This week, Senate Democrats will try once again to pass the extension of unemployment benefits that was repeatedly blocked by Sen. Tom Coburn (R-OK) and the Senate Republicans last month. In addition to the more than 200,000 people who lose out on extended jobless benefits every week because of the GOP’s obstruction, the National Flood Insurance Program (NFIP) also expired when the Senate failed to act, just as devastating floods hit large swaths of the Northeast.
And the NFIP’s expiration also had other consequences, as thousands of home closings have been delayed because buyers cannot obtain flood insurance:
As a result, thousands of home sale closings have been canceled or postponed in the past two weeks as cagey homebuyers feared buying homes without the insurance policy…The impact on the already fragile housing market is too early to be understood but experts say it is unlikely to be positive. The National Association of Realtors, at the request of Fox News, estimated that each day the program is dormant, 1,400 closings are adversely hit.
“When Congress returns we will be waiting on the steps for them,” said Lucien Savant, spokesman for the National Association of Realtors. Joe Ory, President of the New Orleans Metropolitan Association of Realtors, meanwhile, called the delay “an absolute catastrophe.”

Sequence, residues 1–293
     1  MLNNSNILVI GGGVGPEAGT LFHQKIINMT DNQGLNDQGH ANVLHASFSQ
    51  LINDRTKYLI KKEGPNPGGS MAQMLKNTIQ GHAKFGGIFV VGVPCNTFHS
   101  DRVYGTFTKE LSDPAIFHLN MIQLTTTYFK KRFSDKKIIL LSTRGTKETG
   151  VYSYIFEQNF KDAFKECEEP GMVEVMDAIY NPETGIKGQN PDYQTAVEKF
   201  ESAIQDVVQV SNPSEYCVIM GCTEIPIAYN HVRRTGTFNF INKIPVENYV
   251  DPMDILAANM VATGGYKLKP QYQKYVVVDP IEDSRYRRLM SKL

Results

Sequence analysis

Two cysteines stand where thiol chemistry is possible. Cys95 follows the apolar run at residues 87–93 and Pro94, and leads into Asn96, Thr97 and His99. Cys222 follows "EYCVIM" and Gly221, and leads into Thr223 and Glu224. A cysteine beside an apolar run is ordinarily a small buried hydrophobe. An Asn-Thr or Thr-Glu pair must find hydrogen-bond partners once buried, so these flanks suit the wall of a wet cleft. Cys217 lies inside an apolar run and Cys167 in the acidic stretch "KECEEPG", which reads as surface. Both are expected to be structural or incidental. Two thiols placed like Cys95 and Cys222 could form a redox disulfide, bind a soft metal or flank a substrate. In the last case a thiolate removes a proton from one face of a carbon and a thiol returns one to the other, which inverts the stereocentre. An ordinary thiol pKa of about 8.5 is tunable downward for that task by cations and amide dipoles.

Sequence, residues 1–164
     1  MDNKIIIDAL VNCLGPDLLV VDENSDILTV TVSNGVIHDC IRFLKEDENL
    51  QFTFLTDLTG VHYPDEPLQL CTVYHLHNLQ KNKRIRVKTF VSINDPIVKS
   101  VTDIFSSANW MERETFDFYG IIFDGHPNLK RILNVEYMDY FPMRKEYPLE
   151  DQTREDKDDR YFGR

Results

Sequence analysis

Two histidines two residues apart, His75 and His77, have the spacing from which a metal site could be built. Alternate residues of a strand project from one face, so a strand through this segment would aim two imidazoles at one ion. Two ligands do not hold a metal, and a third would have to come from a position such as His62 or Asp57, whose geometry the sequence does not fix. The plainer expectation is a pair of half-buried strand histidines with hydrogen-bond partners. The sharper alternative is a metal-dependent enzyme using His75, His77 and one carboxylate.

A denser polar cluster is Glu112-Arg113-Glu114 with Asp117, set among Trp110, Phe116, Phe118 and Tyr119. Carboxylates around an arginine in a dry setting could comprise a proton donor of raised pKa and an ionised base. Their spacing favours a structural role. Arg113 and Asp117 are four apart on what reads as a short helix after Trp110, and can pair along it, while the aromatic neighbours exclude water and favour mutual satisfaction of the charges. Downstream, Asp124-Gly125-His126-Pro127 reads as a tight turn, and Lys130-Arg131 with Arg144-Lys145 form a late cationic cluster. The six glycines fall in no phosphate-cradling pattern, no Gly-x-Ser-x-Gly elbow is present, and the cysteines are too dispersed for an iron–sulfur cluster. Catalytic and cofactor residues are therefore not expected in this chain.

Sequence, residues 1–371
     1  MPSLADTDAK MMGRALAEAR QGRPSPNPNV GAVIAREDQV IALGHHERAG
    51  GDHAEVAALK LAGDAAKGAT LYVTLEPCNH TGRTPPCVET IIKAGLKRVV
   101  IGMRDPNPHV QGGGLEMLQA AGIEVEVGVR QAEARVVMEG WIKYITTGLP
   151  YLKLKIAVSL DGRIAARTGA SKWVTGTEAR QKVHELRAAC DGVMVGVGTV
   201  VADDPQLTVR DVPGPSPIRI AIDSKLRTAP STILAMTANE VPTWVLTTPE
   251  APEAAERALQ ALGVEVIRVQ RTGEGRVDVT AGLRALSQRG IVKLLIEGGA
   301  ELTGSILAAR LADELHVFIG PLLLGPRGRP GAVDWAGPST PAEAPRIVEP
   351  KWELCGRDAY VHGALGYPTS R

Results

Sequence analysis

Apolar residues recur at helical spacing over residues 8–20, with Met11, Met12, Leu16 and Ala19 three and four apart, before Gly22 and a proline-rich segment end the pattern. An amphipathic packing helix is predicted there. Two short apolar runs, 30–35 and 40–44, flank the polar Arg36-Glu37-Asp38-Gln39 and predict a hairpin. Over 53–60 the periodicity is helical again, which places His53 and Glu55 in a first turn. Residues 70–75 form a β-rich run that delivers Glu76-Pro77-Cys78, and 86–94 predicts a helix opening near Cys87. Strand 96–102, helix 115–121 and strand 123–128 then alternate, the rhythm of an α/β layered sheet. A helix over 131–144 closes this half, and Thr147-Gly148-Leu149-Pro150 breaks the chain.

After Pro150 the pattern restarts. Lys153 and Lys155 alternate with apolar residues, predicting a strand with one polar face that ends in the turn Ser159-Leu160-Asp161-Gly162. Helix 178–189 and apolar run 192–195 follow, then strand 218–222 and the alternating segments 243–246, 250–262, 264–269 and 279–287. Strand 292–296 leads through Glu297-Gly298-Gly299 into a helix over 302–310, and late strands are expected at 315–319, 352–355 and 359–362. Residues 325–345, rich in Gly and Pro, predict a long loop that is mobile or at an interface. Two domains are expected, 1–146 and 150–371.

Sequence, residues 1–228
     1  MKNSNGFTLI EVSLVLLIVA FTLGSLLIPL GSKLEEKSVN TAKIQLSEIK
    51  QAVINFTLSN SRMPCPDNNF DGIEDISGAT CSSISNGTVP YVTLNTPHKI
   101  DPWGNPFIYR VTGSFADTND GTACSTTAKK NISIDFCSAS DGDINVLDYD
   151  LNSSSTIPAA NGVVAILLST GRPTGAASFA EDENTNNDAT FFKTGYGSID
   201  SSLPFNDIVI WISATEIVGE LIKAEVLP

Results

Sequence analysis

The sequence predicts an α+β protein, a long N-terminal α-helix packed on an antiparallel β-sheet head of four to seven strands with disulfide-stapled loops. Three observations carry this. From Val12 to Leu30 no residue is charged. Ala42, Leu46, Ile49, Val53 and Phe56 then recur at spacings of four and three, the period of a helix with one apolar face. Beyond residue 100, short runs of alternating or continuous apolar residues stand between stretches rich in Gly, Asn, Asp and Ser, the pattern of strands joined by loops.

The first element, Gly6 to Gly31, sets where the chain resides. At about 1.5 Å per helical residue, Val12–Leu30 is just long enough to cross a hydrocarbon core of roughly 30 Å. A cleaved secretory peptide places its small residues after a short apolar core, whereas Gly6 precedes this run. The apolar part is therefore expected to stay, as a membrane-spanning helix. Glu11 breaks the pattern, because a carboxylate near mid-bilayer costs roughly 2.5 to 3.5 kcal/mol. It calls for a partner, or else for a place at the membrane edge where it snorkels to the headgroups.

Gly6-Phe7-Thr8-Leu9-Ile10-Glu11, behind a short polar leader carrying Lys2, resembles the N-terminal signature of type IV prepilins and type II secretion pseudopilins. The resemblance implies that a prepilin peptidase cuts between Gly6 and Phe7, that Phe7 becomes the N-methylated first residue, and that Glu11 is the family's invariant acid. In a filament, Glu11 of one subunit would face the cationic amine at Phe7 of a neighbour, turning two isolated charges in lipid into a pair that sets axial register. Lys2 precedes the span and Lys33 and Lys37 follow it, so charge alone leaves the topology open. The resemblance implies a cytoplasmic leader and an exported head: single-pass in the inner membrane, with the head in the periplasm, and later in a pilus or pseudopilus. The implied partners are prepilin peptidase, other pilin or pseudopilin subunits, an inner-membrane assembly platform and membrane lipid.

Real estate closings across the country have been disrupted by the delay, which results in much more than a loss of time. As Ory pointed out, one homebuyer moving from Houston to New Orleans has to continue paying fees on the property she is purchasing, costing thousands of dollars, but can’t move. “It makes me crazy,” said Rep. Jim Himes (D-CT). “The House acted on an extension and the Senate failed. It’s very serious. I’ve gotten all kinds of calls from realtors.”
Democrats plan to hold a cloture vote on an extension package today, but will need at least one Republican to support the effort if it’s going to move forward. However, the GOP doesn’t seem to be moved by the very real effects its obstruction is having. For instance, last week Coburn said that his blocking benefits was okay, because it only affects a “relatively small amount of people.”